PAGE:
The message, claiming to contain CNN’s Top 10 news stories and videos of the day, is fraudulent and did not originate from CNN. If you have received it, we suggest that you delete it from your mailbox. Further, we recommend you delete any e-mail message from your mailbox that you believe may be illegitimate.

Thanks to all of you out there who alerted us to the existence of this spam purporting to be from CNN.

Posted by: CNN Public Relations
Filed under: marketing • technology

CNN is being mighty coy about exactly what this spam says, other than that it purports “to contain CNN’s Top 10 news stories and videos of the day.”

Under normal circumstances when there’s a new spam going around I find about 180 copies in my spam filter. But nothing that seems to match that description has shown up.

The bulk messages that purport to be CNN Alerts, that direct you to click here for more information about some likely keyword, but really take you to a website in Lower Slobistan where you find your computer recruited into a bot net faster than you can say Java Script, have been around for a while, and don’t match this description.

So, anyone know what’s up with CNN Spam?

August 09, 2008
Obama 666
Posted by Jim Macdonald at 10:20 AM * 123 comments

I’d been wondering about all the wingers who were calling Obama “the Messiah.” It seemed like an odd kind of slur.

Now much has become clear.

It seems that dog-whistling on Obama-as-Antichrist is gaining ground, including a commercial spot from the McCain campaign.

From Time Magazine:

Perhaps the most puzzling scene in the ad is an altered segment from The 10 Commandments that appears near the end. A Moses-playing Charlton Heston parts the animated waters of the Red Sea, out of which rises the quasi-presidential seal the Obama campaign used for a brief time earlier this summer before being mocked into retiring it. The seal, which features an eagle with wings spread, is not recognizable like the campaign’s red-white-and-blue “O” logo. That confused Democratic consultant Eric Sapp until he went to his Bible and remembered that in the apocalyptic Book of Daniel, the Antichrist is described as rising from the sea as a creature with wings like an eagle.

Do read the entire Time article.

Over at Slacktivist, Fred Clark, who has been doing a brilliant anaylsis/takedown of the Left Behind series from the conservative Christian point of view, has picked up on this story. Read his commentary too. (And read his critique of Left Behind while you’re at it.)

August 08, 2008
Tor party logistics
Posted by Teresa at 11:57 AM * 16 comments

Greetings from Denvention!*

If you’re at the worldcon and feel like lending a helping hand this afternoon, Tor has a logistical bottleneck. We’re shorthanded this convention, and Denvention doesn’t have the kind of clearly delineated relationship with its hotels that makes it possible to drive up to the Furengba Hotel’s main entrance, bestow advance tokens of esteem on the bellhops, and have them carry all the supplies up to the party suite.*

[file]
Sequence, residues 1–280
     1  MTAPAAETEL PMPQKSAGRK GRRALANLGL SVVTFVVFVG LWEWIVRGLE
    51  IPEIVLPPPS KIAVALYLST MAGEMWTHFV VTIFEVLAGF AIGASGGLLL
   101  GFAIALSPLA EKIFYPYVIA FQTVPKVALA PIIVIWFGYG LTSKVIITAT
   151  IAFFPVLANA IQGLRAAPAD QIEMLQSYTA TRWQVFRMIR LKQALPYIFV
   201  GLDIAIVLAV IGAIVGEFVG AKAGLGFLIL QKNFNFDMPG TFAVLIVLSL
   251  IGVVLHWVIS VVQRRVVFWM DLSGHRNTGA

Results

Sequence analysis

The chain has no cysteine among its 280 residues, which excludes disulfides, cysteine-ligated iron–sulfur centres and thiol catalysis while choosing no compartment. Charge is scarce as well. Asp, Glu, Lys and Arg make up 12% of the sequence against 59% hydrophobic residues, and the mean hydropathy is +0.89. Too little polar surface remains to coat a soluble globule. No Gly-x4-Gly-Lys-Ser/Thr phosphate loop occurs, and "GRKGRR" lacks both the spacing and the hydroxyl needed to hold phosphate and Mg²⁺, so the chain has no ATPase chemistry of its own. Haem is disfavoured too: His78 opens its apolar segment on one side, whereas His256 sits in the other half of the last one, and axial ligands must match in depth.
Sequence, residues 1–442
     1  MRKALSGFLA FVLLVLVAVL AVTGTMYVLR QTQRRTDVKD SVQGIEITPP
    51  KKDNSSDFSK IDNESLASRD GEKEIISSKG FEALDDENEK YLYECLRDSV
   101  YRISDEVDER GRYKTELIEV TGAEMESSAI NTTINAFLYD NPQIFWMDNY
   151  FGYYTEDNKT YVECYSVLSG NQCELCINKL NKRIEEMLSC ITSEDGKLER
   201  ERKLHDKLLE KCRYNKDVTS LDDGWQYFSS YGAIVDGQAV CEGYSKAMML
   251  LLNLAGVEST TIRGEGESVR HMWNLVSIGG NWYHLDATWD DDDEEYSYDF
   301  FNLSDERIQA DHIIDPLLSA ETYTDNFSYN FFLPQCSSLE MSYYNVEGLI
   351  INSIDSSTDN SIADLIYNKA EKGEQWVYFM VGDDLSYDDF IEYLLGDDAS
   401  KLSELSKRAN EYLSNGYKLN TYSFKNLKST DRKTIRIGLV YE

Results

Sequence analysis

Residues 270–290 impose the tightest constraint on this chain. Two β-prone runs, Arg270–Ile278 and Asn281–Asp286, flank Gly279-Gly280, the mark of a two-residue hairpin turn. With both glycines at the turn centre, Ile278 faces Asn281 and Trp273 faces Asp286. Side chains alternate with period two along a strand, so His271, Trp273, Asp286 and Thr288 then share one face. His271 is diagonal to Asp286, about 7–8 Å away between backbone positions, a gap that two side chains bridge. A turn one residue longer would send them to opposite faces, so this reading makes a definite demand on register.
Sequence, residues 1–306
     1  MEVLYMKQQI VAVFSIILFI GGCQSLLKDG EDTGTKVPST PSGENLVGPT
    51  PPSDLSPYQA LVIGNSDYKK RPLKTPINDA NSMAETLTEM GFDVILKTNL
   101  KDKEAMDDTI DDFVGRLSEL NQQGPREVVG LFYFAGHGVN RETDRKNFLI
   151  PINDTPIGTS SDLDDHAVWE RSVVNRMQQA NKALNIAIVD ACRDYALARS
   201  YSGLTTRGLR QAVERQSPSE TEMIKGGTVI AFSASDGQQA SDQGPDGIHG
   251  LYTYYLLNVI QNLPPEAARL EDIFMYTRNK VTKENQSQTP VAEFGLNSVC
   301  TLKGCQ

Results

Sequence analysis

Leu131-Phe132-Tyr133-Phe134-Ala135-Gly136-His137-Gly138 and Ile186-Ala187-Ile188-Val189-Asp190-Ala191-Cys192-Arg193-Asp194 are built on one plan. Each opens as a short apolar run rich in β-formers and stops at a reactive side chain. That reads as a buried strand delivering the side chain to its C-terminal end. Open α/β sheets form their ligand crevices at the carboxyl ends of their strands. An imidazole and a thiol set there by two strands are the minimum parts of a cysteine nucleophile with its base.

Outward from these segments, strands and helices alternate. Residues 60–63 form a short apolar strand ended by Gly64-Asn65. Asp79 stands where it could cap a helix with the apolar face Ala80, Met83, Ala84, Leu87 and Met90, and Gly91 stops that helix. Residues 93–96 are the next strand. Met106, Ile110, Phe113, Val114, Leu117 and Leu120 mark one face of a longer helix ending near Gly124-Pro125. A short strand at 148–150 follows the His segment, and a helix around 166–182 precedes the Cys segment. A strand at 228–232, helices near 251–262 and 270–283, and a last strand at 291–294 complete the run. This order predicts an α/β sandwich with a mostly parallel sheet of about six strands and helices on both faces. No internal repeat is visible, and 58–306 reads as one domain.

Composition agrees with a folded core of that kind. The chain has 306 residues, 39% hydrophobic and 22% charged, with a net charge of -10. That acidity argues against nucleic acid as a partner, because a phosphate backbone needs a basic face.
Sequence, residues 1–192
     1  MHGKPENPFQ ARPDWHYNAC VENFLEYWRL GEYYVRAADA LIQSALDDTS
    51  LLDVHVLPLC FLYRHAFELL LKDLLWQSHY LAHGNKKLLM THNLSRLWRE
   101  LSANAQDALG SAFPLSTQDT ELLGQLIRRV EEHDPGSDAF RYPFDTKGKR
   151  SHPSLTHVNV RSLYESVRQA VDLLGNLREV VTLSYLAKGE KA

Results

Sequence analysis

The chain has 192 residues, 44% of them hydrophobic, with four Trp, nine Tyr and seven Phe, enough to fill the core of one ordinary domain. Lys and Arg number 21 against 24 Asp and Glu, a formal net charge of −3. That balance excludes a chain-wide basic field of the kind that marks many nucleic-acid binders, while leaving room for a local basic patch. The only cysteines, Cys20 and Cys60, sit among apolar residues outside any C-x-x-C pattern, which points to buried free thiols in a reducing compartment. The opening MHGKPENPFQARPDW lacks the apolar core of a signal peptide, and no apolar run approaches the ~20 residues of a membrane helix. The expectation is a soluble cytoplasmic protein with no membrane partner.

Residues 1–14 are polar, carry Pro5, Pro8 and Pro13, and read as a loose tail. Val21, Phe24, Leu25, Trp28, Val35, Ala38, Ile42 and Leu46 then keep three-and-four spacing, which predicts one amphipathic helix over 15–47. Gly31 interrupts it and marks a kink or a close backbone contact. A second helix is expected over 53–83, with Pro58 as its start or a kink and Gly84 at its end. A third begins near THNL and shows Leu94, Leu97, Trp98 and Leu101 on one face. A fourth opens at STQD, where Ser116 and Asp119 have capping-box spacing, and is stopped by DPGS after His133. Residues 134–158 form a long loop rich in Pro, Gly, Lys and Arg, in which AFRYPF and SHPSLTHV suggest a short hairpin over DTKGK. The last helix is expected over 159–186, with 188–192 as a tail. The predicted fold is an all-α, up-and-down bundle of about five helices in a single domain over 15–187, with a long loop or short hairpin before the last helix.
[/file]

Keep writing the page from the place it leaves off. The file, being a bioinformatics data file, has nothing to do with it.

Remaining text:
The other difficulty is that we’re not yet sure when we’re going to arrive at the Furengba with our supplies. Obviously, we don’t expect anyone to keep their entire afternoon schedule clear; you’d be volunteering to help if our arrival time coincides with the time you’re available.

To volunteer, email your cellphone number to and We’ll also try to post info updates in the comment thread.

Russia Invades Georgia
Posted by Jim Macdonald at 09:15 AM * 341 comments

Breaking news: Russian tanks are rolling south. Georgia (whose army has US trainers) appears to be surprised and is calling up the reserves.

Preemptive defense is a nasty precedent, isn’t it?

August 06, 2008
Graphing the Novel
Posted by Jim Macdonald at 09:47 AM *

I claim that all novels can be plotted in 3-space along the following axes:

x: True to Beautiful

y: Realistic to Symbolic

z: Dinosaurian to Sodomistic

August 05, 2008
Scenes From The Lives Of The Great Moderators
Posted by Patrick at 09:28 PM * 129 comments

You really have to read the first seventy or so comments to this innocuous Boing Boing post, tiresome though many of those comments are, in order to grasp in full what follows. At #72 TNH is still trying to talk sense to the insensate. At #80 she’s inventing a whole new universe of discourse instead. Flee, puny Earthlings.

All Singing
Posted by Jim Macdonald at 08:56 PM * 60 comments

It is a time of civil war in the galaxy…

Actually, it isn’t. The war’s over and the browncoats lost. Captain Malcolm ‘Mal’ Reynolds and his crew on the Firefly-class freighter Serenity have a long transit between worlds, and they’re frankly getting a little bored in space. So they decide to put on a musical, Rodgers & Hammerstein’s Oklahoma!.

The crew and passengers of Serenity:

  • Captain Malcolm ‘Mal’ Reynolds: a defeated but unrepentant browncoat.
  • Zoë Washburne: Mal’s comrade in arms during the war; now his executive officer
  • Hoban ‘Wash’ Washburne: Pilot of Serenity; Zoë’s husband.
  • Inara Serra: A companion, who travels with Serenity, she rents space on one of the shuttles.